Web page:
As the saying goes, a good idea doesn’t care where it comes from. But what if the people with whom you surround yourself come from similar backgrounds? Nearby towns and states. Regional universities with commonly matriculated degrees. Similar life circumstances, political leanings, reading lists and viewing preferences. Good ideas can come from anywhere, that’s true, but you raise the odds of unique, “wow, I never thought of that before” moments when you make the effort to bring together people from all walks of life.
It does take effort. Studies have shown that when hiring, people tend to choose candidates they’re comfortable with—and they’re more comfortable with people like themselves. Think about the team you work with. Is it as diverse as it could be? As it should be? We’re not talking simply race, sex, age and ethnicity, though those are an essential part of the mix. We’re talking about what makes people tick—what they’re good at, what intrigues and excites them and, equally important, what bores and frustrates them. A roomful (or Zoomful, as the case may be) of people with different abilities, experiences and points of view makes for livelier discussions, broader debates and more thought-provoking conversations. In the end, it makes for better products, services and financial outcomes.
Ideas are the genesis of strategy. When strategy creation is limited to a handful of people (for instance, the strategy department or the leadership team), a company may find itself implementing a linear approach that ends up marching projects through departments without much interaction between the teams along the way. While this does move projects toward the finish line, ask yourself—are the projects being executed to the best of your collective team’s ability if they don’t spend time collaborating and bringing new ideas to the table along the way? Is siloed thinking best for your company and your clients? The most effective strategies embrace the collective wisdom of a group of people with a common goal. This approach also lessens the probability of “you don’t know what you don’t know” incidents, which can be quite costly.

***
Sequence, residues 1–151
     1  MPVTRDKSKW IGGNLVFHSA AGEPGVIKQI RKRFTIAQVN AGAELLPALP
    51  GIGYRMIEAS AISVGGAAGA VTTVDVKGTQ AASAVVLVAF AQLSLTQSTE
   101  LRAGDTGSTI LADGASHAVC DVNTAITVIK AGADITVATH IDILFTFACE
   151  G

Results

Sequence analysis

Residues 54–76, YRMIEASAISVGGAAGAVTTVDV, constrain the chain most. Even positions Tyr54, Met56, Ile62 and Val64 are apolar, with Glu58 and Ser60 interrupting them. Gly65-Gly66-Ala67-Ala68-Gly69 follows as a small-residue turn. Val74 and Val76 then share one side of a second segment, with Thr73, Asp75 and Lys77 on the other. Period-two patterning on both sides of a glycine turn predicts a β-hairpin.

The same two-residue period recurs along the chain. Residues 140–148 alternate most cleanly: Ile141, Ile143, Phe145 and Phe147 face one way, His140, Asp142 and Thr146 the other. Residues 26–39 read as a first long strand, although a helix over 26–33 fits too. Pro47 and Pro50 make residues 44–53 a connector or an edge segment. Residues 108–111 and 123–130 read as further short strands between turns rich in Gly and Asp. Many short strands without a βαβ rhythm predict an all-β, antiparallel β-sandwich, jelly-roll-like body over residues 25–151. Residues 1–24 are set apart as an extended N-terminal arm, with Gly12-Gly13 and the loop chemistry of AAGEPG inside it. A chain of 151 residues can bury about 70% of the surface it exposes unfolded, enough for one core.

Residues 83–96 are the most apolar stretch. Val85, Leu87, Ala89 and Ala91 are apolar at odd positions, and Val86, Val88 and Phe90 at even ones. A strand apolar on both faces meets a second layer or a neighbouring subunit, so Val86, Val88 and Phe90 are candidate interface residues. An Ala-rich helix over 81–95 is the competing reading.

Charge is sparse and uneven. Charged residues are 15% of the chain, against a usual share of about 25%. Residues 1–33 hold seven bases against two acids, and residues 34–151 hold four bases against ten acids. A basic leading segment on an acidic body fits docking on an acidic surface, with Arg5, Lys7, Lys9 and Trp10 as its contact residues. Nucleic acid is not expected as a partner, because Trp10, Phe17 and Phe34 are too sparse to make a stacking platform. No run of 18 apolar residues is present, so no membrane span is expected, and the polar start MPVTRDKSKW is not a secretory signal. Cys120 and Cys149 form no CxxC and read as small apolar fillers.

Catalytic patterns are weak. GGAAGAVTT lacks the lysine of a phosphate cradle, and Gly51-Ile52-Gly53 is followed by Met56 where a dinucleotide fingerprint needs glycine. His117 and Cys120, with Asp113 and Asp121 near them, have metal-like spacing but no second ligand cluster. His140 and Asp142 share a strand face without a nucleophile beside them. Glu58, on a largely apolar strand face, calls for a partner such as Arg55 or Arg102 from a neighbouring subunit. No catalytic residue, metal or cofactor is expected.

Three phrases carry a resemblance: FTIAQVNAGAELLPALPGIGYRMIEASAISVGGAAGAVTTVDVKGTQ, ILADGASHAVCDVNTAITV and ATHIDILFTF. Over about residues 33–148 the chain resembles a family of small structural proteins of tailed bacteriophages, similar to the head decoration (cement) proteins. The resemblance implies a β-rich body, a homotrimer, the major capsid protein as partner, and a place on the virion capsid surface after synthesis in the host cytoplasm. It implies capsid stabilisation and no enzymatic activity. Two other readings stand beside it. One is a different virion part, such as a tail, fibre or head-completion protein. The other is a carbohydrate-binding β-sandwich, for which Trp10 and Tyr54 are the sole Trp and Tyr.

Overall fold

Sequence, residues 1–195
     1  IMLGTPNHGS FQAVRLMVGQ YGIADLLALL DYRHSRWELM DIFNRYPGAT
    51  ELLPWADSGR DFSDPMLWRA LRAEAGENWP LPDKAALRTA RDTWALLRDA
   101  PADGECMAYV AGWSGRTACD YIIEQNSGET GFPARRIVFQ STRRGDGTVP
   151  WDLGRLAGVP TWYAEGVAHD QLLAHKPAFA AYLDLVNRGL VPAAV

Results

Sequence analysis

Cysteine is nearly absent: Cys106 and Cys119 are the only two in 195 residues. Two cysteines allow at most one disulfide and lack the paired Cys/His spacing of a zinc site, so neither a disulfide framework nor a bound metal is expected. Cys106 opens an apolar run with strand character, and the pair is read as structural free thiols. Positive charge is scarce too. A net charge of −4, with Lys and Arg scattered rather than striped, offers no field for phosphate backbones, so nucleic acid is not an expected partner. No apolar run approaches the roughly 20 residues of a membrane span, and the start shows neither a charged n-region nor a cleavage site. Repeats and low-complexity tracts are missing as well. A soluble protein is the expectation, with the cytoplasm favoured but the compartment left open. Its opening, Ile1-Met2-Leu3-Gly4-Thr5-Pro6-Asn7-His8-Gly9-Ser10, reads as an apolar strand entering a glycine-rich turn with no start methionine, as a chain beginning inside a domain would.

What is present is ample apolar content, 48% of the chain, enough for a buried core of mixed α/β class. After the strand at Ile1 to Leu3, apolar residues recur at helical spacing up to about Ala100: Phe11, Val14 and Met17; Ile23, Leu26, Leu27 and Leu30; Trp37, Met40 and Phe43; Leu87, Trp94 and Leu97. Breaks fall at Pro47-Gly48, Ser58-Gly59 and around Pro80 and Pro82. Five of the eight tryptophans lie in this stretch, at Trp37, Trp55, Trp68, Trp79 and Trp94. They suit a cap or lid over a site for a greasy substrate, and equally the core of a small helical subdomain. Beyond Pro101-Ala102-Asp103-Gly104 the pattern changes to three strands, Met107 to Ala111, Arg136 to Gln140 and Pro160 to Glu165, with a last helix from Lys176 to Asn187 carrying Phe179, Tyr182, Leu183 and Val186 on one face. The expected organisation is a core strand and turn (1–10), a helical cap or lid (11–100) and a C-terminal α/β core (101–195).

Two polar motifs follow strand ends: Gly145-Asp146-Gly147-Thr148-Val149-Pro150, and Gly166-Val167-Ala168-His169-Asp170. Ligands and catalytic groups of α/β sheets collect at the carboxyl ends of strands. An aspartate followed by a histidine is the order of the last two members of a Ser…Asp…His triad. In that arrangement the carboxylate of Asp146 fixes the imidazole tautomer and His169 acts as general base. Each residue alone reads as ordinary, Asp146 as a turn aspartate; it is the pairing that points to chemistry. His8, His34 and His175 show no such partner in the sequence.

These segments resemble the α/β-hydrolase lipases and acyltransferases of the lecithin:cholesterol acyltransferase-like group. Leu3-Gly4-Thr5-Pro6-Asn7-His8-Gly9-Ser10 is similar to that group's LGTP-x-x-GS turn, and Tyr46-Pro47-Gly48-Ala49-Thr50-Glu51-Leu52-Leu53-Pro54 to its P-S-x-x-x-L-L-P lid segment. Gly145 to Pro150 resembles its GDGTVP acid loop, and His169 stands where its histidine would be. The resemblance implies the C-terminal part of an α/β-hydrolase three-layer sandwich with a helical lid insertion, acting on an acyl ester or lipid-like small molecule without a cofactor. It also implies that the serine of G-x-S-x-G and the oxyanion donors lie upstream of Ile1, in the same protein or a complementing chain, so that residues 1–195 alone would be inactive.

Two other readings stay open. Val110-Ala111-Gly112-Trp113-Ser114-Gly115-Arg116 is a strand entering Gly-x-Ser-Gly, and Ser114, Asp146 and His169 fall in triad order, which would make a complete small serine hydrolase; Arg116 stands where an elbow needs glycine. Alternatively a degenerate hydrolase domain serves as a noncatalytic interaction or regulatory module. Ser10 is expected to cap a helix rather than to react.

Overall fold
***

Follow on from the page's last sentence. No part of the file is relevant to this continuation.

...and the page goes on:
Putting together a diverse team is more art than science, and it’s one that can be learned. It starts with asking good questions and listening, listening, listening. You can find tons of advice online about which questions to ask in an interview, and your interviewees can find an equal number of sources that tell them how to answer those questions. But is that what you want? Rehearsed answers only get you so far. When you’re looking for the right mix of people, you have to go beyond questions about whether or not they’re competent enough to do the job. Even the “good cultural fit” questions can be deceiving—if they’re a good fit for your current culture and you’ve defined that too narrowly, you’re going to end up with more of the same. Homogeneity kills creativity.
When you’re building a team, you need to open yourself up to discomfort. It’s the rare individual for whom that comes naturally. The flip side of discomfort, though, can be exhilarating. A contrarian in the mix fosters different ways of thinking. So does adding a more creative, free-spirited individual to a team of practical, process-oriented people. Diversity opens eyes, minds and hearts.
To generate new ideas with clients, we employ an innovation process based on design thinking that puts diversity and collaboration front and center. Notice I said, “with our clients,” not “for our clients.” That’s an important distinction. During one stage of the process, we make a concerted effort to bring together people who come at challenges from different angles. For example, we worked with a client looking for ways to differentiate a common product—windshield wiper blades—from their competitors in a saturated market. We brought people from our agency and the client’s company together with mechanics, auto parts store employees, quick-draw artists and automobile owners like you and me for a two-day workshop aimed at generating a diversity of ideas from many points of view. By the end of the session, we’d captured—complete with product sketches—more than 150 viable product concepts (from 300+ ideas) the client could then explore, assess, validate and bring to market. You can apply this type of design thinking to strategy creation, too.
Diverse teams unleash a diversity of ideas. A diversity of ideas ensures that the strategies you implement are well thought out, consider all the angles and are as effective as your company’s collective wisdom can make them. It really is that simple. Everyone is creative in their own way, and collaboration amongst creative individuals leads to better problem-solving. That is, after all, what business strategy is all about—finding ways to get from where you are today to where you want to be tomorrow.